Brooks Kraft/Getty Images
- Twitter removed a message by Rudy Giuliani and temporarily locked his account for sharing coronavirus misinformation.
- In the tweet, Giulaini quoted conspiracy theorist and conservative activist Charlie Kirk promoting anti-malaria drug hydroxychloroquine as a coronavirus cure.
- Tests have not established that hydroxychloroquine is a safe or effective cure for the virus.
- Visit Business Insider's homepage for more stories.
Twitter removed a message by Rudy Giuliani, President Donald Trump's personal attorney, for spreading misinformation about the coronavirus and making groundless attacks on Michigan Governor Gretchen Whitmer.
In the tweet on Friday, Giuliani quoted conservative youth activist Charlie Kirk, who claimed that an unproven anti-malaria drug, hydroxychloroquine "in at least three international tests was found 100% effective in treating the coronavirus," according to screen shots of the message published by Mediate.
He went on to quote Kirk claiming that Whitmer, who in recent days has been targeted in attacks by Trump, is "threatening" doctors who prescribe the drug.
The drug has also been touted by Trump as a potential coronavirus cure — but doctors have warned that it can cause cardiac arrhythmia, a condition that can be fatal for patients with heart conditions.
Twitter confirmed to multiple news outlets that it had temporarily locked the account and removed the tweet.
—Oliver Darcy (@oliverdarcy) March 28, 2020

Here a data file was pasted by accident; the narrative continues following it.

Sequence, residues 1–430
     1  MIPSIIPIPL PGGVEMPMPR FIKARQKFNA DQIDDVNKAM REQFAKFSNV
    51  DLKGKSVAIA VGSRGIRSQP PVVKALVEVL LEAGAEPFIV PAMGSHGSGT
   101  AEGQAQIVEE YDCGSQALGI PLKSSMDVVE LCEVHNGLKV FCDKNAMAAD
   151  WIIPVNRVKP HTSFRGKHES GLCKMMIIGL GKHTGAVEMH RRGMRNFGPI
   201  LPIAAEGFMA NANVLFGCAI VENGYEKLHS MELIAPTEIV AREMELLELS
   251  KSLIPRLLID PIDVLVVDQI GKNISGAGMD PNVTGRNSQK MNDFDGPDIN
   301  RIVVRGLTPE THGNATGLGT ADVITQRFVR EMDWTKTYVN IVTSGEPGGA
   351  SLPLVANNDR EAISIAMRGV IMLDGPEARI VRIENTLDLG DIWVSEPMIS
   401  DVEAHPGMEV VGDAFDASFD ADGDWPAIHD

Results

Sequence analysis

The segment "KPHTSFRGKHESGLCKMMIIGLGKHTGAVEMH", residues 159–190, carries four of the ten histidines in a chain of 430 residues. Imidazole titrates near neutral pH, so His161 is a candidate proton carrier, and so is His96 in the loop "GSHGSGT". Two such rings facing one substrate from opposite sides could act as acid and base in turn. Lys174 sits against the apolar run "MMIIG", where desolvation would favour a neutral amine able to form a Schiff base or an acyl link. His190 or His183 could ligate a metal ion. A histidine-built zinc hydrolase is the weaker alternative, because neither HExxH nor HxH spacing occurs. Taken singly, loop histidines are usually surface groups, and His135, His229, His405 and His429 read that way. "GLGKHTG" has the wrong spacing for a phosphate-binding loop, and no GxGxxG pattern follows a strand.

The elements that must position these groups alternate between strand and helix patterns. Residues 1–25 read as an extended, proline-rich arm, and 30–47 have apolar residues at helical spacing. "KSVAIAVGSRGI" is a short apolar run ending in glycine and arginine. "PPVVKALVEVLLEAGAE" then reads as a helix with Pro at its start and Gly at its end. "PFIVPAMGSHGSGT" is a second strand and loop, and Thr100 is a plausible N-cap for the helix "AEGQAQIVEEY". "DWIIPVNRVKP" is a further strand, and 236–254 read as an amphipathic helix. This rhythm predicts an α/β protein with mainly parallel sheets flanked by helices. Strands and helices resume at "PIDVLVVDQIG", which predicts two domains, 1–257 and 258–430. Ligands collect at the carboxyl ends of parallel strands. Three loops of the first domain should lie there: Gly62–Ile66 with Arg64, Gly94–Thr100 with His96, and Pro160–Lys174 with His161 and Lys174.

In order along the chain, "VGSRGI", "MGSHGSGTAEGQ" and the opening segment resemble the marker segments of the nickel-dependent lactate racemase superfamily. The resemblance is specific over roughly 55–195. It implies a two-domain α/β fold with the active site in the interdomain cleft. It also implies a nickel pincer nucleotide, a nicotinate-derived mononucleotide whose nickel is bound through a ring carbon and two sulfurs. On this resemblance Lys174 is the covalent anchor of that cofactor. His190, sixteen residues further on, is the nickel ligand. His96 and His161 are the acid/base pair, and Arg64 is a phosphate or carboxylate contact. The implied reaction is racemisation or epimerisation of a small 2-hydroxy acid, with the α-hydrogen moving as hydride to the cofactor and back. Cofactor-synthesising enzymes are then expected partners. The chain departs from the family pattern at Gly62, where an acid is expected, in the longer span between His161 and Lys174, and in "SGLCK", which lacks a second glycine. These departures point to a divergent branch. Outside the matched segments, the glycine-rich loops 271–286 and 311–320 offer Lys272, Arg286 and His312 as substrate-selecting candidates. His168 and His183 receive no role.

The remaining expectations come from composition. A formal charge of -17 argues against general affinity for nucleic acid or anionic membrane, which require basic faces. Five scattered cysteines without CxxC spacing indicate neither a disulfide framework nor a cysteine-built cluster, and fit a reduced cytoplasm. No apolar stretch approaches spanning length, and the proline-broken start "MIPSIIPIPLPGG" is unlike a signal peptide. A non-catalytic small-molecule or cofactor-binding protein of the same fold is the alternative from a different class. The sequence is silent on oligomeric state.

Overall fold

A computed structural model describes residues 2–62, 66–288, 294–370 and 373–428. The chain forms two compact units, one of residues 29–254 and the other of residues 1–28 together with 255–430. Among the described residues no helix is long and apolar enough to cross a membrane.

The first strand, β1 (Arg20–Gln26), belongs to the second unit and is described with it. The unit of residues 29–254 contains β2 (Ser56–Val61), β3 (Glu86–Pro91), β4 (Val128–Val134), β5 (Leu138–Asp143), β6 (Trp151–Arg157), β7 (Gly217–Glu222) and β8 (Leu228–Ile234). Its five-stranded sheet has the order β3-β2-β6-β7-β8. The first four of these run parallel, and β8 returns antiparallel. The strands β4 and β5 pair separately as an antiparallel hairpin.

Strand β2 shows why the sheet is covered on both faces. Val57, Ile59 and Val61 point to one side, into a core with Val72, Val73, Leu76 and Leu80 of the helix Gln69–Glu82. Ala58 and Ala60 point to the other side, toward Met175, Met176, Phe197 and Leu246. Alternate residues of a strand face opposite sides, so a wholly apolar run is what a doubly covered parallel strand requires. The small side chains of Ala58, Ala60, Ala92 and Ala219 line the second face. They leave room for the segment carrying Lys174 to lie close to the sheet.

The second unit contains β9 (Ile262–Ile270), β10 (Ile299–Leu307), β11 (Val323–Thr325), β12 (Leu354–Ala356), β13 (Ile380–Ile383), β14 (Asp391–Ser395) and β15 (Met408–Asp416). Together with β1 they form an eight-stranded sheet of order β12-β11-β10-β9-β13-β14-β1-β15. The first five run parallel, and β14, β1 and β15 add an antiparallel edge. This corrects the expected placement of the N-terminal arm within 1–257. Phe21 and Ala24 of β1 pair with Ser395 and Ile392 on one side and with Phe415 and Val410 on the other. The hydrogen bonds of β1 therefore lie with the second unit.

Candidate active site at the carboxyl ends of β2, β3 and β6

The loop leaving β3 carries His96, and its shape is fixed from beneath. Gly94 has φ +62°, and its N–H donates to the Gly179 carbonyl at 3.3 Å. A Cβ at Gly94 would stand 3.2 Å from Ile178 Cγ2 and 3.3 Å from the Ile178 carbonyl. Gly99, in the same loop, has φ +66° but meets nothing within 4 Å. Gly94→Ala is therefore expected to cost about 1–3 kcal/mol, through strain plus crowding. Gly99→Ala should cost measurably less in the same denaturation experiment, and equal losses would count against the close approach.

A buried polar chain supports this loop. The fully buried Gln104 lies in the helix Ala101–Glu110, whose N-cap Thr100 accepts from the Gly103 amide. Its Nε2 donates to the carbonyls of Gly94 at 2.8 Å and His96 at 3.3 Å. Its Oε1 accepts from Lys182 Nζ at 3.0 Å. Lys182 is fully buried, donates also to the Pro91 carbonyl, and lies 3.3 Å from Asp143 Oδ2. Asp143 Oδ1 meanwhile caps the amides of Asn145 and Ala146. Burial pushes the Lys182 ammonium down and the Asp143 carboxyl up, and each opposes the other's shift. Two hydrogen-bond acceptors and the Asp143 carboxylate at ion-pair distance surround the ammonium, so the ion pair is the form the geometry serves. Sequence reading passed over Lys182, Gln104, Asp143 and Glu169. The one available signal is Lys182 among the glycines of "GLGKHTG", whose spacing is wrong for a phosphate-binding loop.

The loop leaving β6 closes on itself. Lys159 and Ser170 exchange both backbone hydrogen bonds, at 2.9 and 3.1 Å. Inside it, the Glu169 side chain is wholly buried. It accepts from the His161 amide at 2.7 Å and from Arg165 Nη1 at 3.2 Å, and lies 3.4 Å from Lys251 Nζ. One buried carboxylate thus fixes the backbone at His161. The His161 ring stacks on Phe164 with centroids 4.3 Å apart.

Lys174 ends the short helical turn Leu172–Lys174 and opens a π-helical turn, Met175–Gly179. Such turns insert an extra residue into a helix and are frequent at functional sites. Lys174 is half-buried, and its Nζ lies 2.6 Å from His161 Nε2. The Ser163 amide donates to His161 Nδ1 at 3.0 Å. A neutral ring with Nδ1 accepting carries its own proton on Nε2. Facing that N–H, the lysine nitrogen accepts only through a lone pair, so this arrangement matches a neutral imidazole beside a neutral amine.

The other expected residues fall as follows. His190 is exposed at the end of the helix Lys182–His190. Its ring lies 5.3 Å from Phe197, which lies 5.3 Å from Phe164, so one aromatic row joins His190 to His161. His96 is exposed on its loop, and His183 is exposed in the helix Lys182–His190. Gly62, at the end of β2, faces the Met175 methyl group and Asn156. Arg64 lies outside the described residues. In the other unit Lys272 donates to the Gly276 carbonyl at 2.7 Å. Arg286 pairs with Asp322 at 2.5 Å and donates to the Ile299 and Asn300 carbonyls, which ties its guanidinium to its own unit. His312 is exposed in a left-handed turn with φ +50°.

"The account was temporarily locked for violating the Twitter Rules regarding COVID-19 misinformation" a Twitter spokesman told Business Insider.
Business Insider has attempted to reach Giuliani for comment.
Under Twitter's policies, messages that contain content that "goes directly against guidance from authoritative sources of global and local public health information" are banned, including the "description of treatments or protective measures which ... are being shared with the intent to mislead others."
Last week a man in Arizona died after consuming chloroquine phosphate — a chemical commonly used to clean fish tanks. The man's wife, who also fell ill consuming the substance, told NBC News that they had taken the substance after seeing Trump promoting a form of chloroquine as a treatment for the novel coronavirus.
It is not the first time Giuliani has shared misinformation and conspiracies, with the Daily Beast reporting last October that the former New York City mayor followed hundreds of accounts that promoted the far-right conspiracy theories.
Read the original article on Business Insider